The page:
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Waste Week in Review: 5 sustainable practices for a Prep School to reduce waste

Posted: 11th October 2022

As we aim to become an Eco School and live up to the “green” in our name, from 7th -11th November we focused our attention on waste output.

During ‘Waste Week’, the children and staff spoke with various members of our community to devise a plan to reduce our waste levels, ensure that we are recycling effectively and minimising our environmental impact. Speaking with our Head Chef, our Head Cleaner, our Estates Assistant and a local waste expert from Joint Waste Solutions, the children learned several ways in which they can help reduce waste. Here are their top five takeaways:

Keep all waste separate and avoid contamination.
Henry from Joint Waste solutions came in to speak with the children during their assembly and explained the process that recycled materials go through once they reach the recycling facility. Armed with an array of waste items you’d find at a school, Henry explained which items can be recycled, but also discussed the importance of de-contaminating these items before they go into the bin. For example, if a soft drink can, yoghurt pot or paint pot is not completely emptied, any spilled liquid will render all cardboard/paper items unrecyclable.

Only take what you can eat!
Our Head Chef Mr Stuart Kerr sat down with the children and discussed the food waste process and ideas for how we can reduce our waste output. Stuart explained that there are two main food waste components; leftover food at the service area, and food waste buckets in the dining room. The first category can be reused for teatime or frozen and reused for a different dish. The latter is collected by the council and therefore may be used for fertilizer, but there is a lot we can do to reduce the food waste in buckets. After chatting about the different reasons that children may waste food, one of the key points we can impress upon children is to only take what they can eat from the counters. We welcome children to take second helpings if they are still hungry, but we are introducing “quarter portions” that the children can ask for to control the amounts that are taken and avoid the old “eyes bigger than your belly” problem!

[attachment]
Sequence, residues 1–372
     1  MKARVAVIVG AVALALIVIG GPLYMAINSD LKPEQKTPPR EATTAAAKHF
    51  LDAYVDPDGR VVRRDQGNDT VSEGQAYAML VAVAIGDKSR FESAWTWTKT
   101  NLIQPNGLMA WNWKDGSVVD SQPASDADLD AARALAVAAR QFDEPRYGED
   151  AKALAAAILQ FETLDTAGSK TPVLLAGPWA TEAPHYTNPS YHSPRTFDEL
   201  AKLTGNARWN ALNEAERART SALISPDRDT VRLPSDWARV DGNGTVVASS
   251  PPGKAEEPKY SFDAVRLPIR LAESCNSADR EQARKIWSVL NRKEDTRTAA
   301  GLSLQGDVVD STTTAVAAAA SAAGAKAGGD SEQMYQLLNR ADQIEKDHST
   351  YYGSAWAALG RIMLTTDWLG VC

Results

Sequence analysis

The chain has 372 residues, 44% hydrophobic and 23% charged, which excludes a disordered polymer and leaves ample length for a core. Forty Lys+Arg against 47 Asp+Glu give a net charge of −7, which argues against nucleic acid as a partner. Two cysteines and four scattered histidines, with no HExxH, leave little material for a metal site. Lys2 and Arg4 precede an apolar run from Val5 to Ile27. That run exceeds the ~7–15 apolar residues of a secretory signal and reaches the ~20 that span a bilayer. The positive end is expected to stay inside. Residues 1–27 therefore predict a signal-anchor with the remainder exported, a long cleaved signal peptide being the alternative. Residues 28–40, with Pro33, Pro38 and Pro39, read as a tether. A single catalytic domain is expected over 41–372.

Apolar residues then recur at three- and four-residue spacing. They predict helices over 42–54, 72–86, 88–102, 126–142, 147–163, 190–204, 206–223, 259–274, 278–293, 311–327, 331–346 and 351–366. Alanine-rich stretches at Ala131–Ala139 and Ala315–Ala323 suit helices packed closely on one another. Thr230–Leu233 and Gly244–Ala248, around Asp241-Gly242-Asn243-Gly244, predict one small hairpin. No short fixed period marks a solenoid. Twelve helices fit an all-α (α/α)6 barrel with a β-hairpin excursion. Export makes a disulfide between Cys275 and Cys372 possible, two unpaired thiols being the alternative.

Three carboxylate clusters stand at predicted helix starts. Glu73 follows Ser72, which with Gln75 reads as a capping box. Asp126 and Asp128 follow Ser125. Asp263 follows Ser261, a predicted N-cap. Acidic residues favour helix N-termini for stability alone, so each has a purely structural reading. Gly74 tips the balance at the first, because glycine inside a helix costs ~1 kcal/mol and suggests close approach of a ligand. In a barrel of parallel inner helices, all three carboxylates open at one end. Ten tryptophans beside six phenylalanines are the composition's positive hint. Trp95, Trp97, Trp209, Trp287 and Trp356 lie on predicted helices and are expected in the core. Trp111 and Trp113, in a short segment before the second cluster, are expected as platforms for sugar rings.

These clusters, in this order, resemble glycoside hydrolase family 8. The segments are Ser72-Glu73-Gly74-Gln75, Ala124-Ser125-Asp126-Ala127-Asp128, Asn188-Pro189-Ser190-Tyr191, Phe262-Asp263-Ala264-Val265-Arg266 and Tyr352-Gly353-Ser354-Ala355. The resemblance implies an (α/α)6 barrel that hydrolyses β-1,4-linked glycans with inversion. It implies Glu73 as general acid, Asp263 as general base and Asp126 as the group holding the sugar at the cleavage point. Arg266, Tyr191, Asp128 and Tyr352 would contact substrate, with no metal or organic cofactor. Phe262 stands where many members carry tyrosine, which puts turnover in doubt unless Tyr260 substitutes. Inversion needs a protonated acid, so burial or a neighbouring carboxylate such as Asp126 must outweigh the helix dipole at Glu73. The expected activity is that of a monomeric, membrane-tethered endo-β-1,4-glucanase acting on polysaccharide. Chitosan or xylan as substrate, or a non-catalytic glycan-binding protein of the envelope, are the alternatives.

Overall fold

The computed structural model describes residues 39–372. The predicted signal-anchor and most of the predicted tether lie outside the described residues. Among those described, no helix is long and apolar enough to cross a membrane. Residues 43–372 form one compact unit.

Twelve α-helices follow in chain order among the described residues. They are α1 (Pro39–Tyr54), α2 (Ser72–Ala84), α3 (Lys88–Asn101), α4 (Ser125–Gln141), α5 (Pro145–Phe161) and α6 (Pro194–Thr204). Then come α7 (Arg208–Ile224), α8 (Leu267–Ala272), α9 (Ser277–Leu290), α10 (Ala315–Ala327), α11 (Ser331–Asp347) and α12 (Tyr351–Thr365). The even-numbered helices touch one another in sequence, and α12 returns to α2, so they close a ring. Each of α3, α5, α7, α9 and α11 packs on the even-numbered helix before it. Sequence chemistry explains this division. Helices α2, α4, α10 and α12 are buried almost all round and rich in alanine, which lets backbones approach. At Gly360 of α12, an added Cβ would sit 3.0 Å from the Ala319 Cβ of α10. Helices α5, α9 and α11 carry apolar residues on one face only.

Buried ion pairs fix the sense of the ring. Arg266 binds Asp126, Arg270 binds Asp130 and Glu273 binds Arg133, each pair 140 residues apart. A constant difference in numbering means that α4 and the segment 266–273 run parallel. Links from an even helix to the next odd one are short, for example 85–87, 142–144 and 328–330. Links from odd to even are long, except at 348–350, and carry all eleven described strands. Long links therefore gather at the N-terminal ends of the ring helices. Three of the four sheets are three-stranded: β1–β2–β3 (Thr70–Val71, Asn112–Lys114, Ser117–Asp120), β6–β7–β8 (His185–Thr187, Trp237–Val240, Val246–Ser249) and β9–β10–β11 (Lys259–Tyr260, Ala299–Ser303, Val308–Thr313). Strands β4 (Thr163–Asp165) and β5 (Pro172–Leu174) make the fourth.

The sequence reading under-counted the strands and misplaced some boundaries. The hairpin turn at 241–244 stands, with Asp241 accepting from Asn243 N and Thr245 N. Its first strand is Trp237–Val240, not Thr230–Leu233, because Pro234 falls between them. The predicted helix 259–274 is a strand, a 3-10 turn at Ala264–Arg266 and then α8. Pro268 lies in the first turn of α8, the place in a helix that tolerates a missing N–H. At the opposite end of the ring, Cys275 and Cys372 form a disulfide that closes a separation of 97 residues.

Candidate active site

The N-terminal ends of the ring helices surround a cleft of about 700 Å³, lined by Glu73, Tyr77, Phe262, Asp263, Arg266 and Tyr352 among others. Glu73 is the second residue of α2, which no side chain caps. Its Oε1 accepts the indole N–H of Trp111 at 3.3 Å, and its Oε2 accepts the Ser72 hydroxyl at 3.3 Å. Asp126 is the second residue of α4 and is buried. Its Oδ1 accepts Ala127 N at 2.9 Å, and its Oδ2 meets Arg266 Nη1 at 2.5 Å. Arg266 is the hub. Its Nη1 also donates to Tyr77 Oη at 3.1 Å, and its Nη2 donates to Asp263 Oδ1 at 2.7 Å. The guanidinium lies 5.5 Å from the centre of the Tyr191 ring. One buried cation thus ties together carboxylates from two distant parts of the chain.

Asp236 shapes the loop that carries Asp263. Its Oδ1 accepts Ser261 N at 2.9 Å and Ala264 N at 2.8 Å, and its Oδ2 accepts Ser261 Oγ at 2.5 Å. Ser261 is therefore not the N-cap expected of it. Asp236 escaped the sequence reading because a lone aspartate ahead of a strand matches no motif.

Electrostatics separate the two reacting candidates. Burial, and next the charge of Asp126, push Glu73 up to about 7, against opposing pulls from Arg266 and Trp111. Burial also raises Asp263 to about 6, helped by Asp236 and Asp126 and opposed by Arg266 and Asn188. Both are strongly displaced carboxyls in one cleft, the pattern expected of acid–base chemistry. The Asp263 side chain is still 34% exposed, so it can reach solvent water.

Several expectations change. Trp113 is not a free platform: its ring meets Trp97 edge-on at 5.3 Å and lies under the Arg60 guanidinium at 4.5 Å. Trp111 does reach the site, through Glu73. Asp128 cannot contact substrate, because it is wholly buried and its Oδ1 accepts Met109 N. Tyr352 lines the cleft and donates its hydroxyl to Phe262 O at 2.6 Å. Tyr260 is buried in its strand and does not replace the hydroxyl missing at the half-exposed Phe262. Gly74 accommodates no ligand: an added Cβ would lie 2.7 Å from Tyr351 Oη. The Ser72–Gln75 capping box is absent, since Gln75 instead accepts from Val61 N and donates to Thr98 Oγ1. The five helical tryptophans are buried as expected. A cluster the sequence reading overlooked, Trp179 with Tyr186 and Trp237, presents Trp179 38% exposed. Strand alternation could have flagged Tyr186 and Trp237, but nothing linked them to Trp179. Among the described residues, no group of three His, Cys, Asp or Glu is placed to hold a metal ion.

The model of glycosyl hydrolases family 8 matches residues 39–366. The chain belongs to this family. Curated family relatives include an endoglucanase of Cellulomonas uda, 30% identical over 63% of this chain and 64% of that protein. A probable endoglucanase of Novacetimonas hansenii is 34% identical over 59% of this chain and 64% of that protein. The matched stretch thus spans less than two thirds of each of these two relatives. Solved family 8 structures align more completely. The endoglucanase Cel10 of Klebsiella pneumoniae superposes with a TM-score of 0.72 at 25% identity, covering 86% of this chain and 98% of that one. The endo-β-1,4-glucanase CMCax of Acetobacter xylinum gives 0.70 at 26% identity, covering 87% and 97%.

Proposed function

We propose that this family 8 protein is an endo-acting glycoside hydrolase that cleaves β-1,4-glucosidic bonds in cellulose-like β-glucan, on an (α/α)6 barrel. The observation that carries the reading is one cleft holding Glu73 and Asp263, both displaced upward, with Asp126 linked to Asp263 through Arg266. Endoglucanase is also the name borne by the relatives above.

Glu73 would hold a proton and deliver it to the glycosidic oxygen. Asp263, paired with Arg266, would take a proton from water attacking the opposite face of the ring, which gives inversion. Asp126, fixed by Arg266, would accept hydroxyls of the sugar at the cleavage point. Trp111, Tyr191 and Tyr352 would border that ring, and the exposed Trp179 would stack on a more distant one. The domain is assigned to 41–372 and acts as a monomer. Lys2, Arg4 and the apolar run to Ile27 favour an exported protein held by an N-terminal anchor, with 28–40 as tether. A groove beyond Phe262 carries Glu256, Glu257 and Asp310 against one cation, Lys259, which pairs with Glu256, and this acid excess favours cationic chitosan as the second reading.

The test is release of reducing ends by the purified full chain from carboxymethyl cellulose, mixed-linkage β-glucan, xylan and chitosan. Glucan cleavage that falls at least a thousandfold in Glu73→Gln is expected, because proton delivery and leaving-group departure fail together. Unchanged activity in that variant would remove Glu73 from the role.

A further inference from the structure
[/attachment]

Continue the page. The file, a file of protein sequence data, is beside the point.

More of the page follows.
Separate bins for tricky items.
Our Head Cleaner spoke with teachers and children and explained how rubbish is collected and any areas that can be better managed to avoid unnecessary items going into the general waste. We are implementing new bins to combat the problem of “unusual” items including glue sticks and batteries that need additional processing before they can be recycled. The children have been particularly clued-up about these sorts of items after Year 6s completed their “Make A Difference” homework on unconventional waste items.

Spread awareness
With this type of initiative, it is vital that everyone involved is in the know. With over 300 children, they have the biggest footprint at school and can therefore be our best ambassadors for reducing waste and recycling correctly. We hosted a “bin label” competition, which every child participated in and winners were elected to proudly display their instructive posters on the many different bins that now occupy our dining room and classrooms. We also have been weighing the buckets of food waste every day so that the children have a real idea of the amount of waste, and how it all adds up at the end of every day. Moving forward our Future World Warriors will check back in with our food waste levels to see if we have been able to minimise the amount that’s thrown in the buckets every day at lunch. Watch this space!

Our overhaul mission does not stop at Waste Week. Moving forward, we have reworked how rubbish and recycling are collected in every classroom, staff room and office. Keen Waste Monitors have been elected in each class who will oversee that the correct items are in the correct bins. With our ongoing weekly Future World Team Meetings, it is something that we will continue to revisit and keep in the forefront of the children’s minds to ensure that steps like these are second nature.

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